Airports. I know – who would have thought! Though when you think about it for a second (or read what I have on my mind) you’ll realize how close to real-life socery they can get.
First of all, there are thousands upon thousands people at different airports constantly. Thye all have different plans, life stories, and reasons for their trips. The mere chance of meeting some of the strangers you encountered on your last flight is minimal – and yet the next plane you’re going to board is going to be full of people – again!
Sometimes I like to sit down in a cafeteria or on a bench and just observe the surroundings. And in that moment, it all seems so surreal. I’m watching humans who are soon going to board a huge metal box with wings and fly. How is that not awesome?!
I might sound like a small child excited about its first trip, but despite the fact that I travel at least a couple times a year doesn’t change my awe at the airport. Because there isn’t another place on Earth so strange and mesmerizing. The long halls with walls made entirely out of glass stretch as far as your sight goes, with often no one to be seen.
In those moments I get this eerie feeling of being lost despite knowing where to go. I’m in this huge establishment filled with thousands of people, yet there seems to be no one around. It’s like my mind is creating this whole thing to trick me, and I’m about to wake up from a dream. And these moments are the ones I cherish the most. “It’s unbelievable”, I think so very often, “the whole thing just to myself.”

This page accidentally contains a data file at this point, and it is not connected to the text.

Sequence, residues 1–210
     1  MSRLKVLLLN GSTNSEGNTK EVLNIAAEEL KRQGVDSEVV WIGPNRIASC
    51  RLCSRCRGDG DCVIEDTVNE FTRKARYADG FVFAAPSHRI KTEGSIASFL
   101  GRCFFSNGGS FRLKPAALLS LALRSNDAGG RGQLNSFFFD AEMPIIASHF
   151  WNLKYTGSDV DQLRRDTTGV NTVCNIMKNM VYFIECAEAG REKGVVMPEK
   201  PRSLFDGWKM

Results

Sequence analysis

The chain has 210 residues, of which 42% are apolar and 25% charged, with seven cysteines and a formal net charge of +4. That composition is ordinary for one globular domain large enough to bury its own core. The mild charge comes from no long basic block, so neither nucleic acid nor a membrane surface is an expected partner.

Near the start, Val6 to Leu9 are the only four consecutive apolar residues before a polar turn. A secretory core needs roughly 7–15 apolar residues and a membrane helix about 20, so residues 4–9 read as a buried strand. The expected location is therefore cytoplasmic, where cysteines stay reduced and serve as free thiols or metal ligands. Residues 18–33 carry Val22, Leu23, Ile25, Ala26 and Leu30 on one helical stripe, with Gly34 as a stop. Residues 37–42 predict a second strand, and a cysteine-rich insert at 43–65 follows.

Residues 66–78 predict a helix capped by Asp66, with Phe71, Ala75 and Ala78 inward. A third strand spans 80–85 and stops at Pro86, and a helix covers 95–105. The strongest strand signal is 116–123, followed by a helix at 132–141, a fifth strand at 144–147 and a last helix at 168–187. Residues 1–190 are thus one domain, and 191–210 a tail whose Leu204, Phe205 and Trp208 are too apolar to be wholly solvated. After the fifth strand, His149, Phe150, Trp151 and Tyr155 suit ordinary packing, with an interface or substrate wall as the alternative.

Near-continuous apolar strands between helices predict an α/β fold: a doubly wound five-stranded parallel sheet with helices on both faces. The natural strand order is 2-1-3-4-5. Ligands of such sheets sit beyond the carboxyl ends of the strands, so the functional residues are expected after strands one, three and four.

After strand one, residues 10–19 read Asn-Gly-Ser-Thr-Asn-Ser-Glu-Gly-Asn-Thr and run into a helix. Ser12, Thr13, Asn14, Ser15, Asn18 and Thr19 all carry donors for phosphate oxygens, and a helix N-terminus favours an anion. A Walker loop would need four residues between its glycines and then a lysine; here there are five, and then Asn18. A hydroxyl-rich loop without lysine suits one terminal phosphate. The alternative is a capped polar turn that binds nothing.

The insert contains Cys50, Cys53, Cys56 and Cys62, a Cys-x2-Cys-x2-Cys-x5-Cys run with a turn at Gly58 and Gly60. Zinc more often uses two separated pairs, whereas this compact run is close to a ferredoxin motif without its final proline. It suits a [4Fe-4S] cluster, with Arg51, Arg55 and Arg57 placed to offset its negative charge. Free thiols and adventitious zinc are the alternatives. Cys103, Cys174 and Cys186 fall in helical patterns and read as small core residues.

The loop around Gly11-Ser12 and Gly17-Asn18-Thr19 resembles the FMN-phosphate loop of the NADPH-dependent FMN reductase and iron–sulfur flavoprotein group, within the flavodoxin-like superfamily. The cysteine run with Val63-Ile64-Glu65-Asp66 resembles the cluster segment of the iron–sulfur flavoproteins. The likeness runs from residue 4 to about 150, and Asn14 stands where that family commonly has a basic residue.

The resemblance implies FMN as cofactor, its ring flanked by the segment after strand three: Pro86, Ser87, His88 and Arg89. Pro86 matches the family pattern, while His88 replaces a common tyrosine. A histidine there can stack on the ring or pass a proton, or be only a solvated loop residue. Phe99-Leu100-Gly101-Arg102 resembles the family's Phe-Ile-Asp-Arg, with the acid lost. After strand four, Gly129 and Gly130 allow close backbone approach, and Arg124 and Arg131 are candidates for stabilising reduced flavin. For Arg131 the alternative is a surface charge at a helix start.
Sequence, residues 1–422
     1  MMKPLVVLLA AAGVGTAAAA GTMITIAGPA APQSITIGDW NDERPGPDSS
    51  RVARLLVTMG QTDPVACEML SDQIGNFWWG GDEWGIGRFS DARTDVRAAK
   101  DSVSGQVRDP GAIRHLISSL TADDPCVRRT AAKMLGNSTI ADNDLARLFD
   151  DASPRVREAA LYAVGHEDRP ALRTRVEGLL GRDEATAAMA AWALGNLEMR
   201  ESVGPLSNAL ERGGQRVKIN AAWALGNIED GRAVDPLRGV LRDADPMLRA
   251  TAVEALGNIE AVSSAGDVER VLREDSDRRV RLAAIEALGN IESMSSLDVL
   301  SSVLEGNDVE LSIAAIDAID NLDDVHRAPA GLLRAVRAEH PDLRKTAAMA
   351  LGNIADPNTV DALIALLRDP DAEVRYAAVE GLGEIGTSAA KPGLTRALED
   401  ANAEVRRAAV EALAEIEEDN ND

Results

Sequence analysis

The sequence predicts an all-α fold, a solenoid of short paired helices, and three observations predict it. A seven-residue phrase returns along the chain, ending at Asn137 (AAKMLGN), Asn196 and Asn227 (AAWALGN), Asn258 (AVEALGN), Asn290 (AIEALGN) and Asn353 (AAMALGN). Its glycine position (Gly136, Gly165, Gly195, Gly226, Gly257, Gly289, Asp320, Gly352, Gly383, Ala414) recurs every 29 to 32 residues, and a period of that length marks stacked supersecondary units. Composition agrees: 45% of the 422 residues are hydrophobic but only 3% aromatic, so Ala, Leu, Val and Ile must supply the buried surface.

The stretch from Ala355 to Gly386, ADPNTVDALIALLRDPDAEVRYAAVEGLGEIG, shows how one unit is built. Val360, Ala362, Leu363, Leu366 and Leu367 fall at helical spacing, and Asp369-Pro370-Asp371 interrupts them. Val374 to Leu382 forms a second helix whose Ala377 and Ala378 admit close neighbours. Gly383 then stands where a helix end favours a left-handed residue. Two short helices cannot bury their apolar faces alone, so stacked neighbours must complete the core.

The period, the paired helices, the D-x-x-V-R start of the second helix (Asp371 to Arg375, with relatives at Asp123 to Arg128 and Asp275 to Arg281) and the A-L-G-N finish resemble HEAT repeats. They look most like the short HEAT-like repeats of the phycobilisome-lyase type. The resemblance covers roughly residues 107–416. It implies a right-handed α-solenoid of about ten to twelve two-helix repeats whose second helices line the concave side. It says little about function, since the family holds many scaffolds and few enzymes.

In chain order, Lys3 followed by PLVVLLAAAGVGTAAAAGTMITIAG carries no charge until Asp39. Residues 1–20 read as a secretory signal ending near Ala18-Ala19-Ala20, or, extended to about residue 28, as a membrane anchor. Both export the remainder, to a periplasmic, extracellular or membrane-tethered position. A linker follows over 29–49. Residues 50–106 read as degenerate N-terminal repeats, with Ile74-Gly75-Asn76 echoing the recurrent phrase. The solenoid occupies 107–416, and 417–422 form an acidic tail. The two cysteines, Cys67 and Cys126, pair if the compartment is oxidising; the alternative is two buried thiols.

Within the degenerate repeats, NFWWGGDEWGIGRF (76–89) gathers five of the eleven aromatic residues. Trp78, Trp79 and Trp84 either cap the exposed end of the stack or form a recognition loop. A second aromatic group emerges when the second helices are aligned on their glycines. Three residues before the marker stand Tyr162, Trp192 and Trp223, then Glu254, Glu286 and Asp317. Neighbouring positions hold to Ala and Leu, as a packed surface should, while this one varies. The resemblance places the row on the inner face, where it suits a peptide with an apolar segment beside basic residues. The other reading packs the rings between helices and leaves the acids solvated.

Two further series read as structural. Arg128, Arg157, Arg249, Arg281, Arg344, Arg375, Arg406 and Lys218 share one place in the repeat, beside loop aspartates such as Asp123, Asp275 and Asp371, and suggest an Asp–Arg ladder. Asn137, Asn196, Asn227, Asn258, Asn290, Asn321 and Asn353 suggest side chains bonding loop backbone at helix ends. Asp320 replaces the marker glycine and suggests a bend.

Traveling alone gives even a better experience at the airport. Sure, there’s some stress at the security (because despite the fact you know you haven’t done anything wrong and there is absolutely no reason to be panicking, you still are), but other than that you can focus more on the surroundings. Less on the shops, and more on the people.
I’m pretty socially awkward, but sometimes people start conversations with me to tell me their stories – and these are sometimes fascinating. Someone who’s a manager at Google going to Munich for conference talks to a teenager about his aspirations – what are the odds of the same thing happening elsewhere? Or the husband who despite living half across the world from his family returns in time for Easter as a surprise. The talking can go for so long it almost feels like you knew these people for a couple of years.
Everyone with a different purpose, yet all gathered into one place.
And the strangest feeling comes when it’s time to board your plane, and you never get to see them again. In a matter of hours you’re separated by thousands of miles, put into totally different environments. If that’s not magic, I don’t know what is.